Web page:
Tesla Shares Down 17% in Past Month

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Maybe it is the competition from several electric cars launched or announced in the past few months, or maybe it is a valuation that is a remarkably large multiple of earnings and revenue. Whatever the cause, the shares of Tesla Motors Corp. (NASDAQ: TSLA) have dropped 17% in the past month. The super car company no longer boasts a super stock price.

Tesla’s engine fire problem is mostly behind it. The National Highway Traffic Safety Administration (NHTSA) has dropped its probe into these incidents. This has allowed the car’s impressive safety ratings to return as one of its primary sales appeals. That, married with praise about the performance and quality of the Tesla S, and the reasons to buy the vehicle are as least as substantial as for any other car on American roads.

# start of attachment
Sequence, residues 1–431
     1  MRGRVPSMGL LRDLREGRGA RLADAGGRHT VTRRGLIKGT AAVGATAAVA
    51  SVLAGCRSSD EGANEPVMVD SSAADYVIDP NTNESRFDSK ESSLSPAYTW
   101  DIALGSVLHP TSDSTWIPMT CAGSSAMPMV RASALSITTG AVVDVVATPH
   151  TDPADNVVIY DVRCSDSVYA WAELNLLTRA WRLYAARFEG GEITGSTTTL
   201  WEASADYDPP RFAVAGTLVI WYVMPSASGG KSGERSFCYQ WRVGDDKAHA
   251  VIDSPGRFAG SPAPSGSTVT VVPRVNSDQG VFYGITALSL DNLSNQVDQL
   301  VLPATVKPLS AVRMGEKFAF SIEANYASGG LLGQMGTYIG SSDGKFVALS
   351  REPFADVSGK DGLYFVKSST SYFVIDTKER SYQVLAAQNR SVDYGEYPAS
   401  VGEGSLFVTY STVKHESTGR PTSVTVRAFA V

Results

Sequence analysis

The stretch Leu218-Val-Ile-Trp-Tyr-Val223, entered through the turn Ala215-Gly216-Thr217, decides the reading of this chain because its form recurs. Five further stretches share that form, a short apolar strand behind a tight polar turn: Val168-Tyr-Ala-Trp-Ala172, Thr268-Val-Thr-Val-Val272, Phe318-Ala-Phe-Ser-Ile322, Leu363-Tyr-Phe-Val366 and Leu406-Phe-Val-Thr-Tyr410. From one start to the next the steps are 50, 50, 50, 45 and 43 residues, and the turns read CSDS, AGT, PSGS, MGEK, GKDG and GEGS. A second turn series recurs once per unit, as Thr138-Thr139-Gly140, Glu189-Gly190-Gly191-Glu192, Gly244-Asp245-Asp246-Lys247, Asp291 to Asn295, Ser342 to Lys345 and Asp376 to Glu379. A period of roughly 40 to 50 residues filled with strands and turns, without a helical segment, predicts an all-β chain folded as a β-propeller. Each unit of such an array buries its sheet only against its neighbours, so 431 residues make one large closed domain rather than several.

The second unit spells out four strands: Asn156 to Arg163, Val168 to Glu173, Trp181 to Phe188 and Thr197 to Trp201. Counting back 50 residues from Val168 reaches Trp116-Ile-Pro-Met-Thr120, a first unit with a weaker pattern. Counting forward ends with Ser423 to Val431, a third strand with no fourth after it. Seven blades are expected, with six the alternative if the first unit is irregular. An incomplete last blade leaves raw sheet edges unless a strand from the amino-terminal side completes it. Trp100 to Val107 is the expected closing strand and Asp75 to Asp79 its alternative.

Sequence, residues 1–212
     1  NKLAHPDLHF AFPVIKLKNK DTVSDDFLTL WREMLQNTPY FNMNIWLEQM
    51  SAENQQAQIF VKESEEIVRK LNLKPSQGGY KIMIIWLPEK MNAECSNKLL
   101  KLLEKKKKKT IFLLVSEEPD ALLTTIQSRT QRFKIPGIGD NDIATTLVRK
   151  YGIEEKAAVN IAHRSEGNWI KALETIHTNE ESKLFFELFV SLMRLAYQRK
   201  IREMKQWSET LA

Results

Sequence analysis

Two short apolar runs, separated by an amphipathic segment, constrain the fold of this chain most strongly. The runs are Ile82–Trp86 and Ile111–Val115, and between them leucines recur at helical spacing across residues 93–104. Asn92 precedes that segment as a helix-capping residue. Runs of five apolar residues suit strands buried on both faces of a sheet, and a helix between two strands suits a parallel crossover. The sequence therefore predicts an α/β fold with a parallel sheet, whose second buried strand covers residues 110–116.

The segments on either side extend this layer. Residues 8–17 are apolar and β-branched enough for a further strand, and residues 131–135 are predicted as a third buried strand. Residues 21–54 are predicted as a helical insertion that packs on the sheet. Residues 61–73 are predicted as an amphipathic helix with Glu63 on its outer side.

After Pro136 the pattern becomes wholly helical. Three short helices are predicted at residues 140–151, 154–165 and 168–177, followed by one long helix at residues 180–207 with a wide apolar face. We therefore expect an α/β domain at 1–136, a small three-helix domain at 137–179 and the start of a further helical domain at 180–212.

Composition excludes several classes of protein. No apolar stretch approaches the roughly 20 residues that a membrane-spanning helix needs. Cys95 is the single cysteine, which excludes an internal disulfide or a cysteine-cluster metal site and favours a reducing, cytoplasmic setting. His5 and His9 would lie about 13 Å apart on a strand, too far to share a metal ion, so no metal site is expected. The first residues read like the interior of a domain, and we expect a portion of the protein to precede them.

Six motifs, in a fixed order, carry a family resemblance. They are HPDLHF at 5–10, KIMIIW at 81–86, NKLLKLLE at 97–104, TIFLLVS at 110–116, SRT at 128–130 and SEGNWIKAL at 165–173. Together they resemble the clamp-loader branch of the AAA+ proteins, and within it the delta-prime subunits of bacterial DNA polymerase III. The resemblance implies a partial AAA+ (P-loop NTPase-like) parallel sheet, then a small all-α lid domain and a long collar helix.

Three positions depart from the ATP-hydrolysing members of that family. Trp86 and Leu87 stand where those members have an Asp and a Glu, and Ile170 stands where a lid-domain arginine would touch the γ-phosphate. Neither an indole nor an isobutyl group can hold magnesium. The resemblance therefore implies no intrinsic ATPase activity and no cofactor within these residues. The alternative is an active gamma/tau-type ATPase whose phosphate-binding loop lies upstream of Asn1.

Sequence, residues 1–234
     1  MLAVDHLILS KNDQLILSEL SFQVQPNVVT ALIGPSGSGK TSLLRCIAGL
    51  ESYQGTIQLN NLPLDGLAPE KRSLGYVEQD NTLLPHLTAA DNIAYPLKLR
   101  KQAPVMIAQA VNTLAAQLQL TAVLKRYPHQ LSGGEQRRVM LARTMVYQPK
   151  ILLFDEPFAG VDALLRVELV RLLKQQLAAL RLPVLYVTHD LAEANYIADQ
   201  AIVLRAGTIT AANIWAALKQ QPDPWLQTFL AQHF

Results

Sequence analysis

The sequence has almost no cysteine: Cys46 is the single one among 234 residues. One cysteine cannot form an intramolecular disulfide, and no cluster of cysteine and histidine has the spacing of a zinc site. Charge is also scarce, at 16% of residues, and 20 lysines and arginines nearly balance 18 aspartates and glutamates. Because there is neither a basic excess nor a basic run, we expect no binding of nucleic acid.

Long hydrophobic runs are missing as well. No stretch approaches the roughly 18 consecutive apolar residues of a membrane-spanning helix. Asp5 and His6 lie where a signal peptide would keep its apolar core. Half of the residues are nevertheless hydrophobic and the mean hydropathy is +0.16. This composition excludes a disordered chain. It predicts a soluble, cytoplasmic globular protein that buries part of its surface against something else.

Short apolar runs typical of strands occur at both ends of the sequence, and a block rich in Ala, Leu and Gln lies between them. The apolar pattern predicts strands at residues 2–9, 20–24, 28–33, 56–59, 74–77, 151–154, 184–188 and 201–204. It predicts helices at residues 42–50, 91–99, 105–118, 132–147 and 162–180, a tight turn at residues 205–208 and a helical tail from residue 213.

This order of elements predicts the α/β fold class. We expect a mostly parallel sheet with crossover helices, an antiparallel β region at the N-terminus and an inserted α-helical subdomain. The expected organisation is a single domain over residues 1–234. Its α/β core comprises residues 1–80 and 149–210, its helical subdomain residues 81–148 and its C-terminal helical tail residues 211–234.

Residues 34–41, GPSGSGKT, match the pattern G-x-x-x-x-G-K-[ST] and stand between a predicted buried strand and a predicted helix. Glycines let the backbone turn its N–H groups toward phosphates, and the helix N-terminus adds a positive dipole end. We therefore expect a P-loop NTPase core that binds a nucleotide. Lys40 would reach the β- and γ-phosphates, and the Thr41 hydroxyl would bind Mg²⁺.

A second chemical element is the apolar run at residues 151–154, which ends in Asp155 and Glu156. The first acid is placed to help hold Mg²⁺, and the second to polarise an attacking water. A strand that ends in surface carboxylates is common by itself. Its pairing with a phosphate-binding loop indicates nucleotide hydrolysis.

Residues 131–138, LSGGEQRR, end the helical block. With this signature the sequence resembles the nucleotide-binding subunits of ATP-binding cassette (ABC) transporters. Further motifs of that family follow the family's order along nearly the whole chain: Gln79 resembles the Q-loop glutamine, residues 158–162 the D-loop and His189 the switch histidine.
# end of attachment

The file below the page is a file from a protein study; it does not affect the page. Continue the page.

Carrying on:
However, Tesla is being chased by several other products launched by global manufacturers. This should be expected for any successful car. Some of the competition still have small gas-powered engines, like the Cadillac ELR from General Motors Co. (NYSE: GM). BMW’s i3 and i8 have to be considered rivals because of the electric car credentials and the German car company’s brand power.

Another drawback to Tesla’s near-term future has to cause its management anxiety. It cannot build enough cars to meet demand. Tesla plans to build its own battery factory. But it may not be up and running for five years. In the meantime, Tesla’s sales could remain supply constrained.

The matter of the valuation of Tesla’s shares dogged it among some of its investors when the stock surged from a 52-week low of $44.54 to $265.00. Shares currently trade at $193.91. However, Tesla’s market cap sits at $23.7 billion, against GM’s at $53 billion. Despite recall problems, America’s largest auto manufacturer will sell more than 9 million cars this year worldwide.

Tesla’s revenue could double this year, and perhaps double again the next. But it is still a niche car company, just one recall or one successful competitor away from a really large stock sell-off. Tesla’s shares are off 17% in the past month, but that drop may be little more than modest.

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